Today we are responding to Irene (https://whatsinmyjar.com/posts/973/more-affordable-alternatives-to-skinceuticals):
"I've been gifted a full Skinceuticals anti-aging regimen for my birthday about 4 months ago (I know, a super generous gift!). I've noticed a difference in my skin for sure. The products are running low now, and I wanted to re-purchase, and then I saw the price tag 🤯. I am wondering if there are alternatives that are as effective but are in the mid price range? I do not mind investing into my skin, but $160 for a bottle blows my mind. I live in California. I have normal, slightly oily skin, and an olive skin tone with some darker marks I guess from sun."
Irene's current routine costs about $400 USD. It is a best-in-class routine for preventing signs of aging and improving skin tone. It makes use of the best anti-oxidants, a retinoid and actives targeting hyperpigmentation. But does this efficacy have to come with this high price tag? Great news: nope! We've put together a skincare regimen that matches and even surpasses the effectiveness - but costs only half of it, $190 USD.
How we did it? Let's go product by product.
1. SkinCeuticals Phloretin CF Serum. This is one of the golden standard anti-oxidant serums on the market retailing at $169 USD. The main anti-oxidant weapon in it is 15% Ascorbic acid in combination with Ferulic acid. It also contains another antioxidant, Phloretin. From the studies we've read, we are not convinced that it has a strong extra benefit in addition to Ascorbic acid. So we looked for a "dupe" to the Skinceauticals' product focusing on the combo Ascorbic + Ferulic acid. Paula Choice offers a great formulation with 15% Ascorbic acid, Ferulic acid, Tocopherol (Vitamin E) and Peptides for $52 USD.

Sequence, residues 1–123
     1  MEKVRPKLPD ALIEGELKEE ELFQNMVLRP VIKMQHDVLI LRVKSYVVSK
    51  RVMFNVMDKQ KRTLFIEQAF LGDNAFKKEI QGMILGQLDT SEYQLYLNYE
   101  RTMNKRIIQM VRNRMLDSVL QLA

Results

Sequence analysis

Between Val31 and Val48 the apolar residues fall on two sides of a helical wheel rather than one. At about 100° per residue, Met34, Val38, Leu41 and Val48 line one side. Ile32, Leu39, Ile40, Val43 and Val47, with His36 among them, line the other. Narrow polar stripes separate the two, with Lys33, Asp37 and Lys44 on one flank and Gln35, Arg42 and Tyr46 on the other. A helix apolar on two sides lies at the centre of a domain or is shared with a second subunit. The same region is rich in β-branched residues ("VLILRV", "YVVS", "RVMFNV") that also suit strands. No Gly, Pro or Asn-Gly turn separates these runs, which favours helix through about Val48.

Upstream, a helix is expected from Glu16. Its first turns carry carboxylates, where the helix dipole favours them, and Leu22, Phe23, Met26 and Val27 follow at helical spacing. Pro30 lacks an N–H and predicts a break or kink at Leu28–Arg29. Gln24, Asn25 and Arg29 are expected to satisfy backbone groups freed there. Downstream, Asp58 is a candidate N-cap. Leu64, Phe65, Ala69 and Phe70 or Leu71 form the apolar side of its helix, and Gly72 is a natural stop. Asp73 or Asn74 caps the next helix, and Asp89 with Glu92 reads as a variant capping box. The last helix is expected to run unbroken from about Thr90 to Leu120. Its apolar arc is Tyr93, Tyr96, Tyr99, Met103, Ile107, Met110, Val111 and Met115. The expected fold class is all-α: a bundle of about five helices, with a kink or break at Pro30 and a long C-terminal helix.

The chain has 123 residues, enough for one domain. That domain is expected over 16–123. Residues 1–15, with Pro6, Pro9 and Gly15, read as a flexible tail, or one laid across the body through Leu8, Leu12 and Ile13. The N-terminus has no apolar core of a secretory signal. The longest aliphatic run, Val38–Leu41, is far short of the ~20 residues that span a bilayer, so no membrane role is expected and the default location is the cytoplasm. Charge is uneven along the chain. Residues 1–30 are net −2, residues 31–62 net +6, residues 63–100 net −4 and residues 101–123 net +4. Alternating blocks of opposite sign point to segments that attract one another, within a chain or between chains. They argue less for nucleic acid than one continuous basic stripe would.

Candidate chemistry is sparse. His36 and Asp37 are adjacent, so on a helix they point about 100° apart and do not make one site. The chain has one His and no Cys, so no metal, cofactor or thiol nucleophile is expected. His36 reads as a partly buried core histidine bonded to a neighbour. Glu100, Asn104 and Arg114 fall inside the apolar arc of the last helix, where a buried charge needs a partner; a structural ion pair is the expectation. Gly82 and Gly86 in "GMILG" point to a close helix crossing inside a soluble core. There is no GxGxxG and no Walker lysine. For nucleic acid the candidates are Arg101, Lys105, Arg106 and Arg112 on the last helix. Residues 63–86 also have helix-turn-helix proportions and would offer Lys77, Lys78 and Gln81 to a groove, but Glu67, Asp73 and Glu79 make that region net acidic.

2. SkinCeuticals Discoloration Defense Serum, retails at $98 USD. It is effective for evening out the skin tone because of 5% Niacinamide, Tranexamic 3% and Kojic Acid 1%. It also includes 5% of an exfoliating ingredient called HEPES. There is a actually a controversy around it because it could it theory produce free radicals that are damaging to the skin. We are not sure if it actually happens when used in skincare (there is not enough research about it), but we'd definitely not go out of our way to include this exfoliator in a routine. SKIN 1004 Madagascar Centella Tone Brightening Capsule Ampoule is the alternative we went for. It contains about 5% of Niacinamide, about 4% of Trenaxamic acid, and a few skin-barrier support actives including anti-oxidant Madecassoside. The SKIN 1004 serum costs $24 USD.
We kept Irene's original sunscreen from Skinceuticals. It costs $34 USD, and it is not easy to find something significantly cheaper with an equally elegant texture. With sunscreens, once you found the one you love and that provides good broad spectrum protection, it makes sense to stick to it. After all, the most important "feature" of a sunscreen is that you use it daily.
We swapped Irene's cleanser for a similarly-priced product without risky irritants. We have also upgraded her retinoid product since her skin has been already tolerating the retinol "micro-dose" in the Kiehl's serum well. We also "upgraded" the moisturizer to include peptides and ceramides (we "lost" them when we switched the retinoid serum).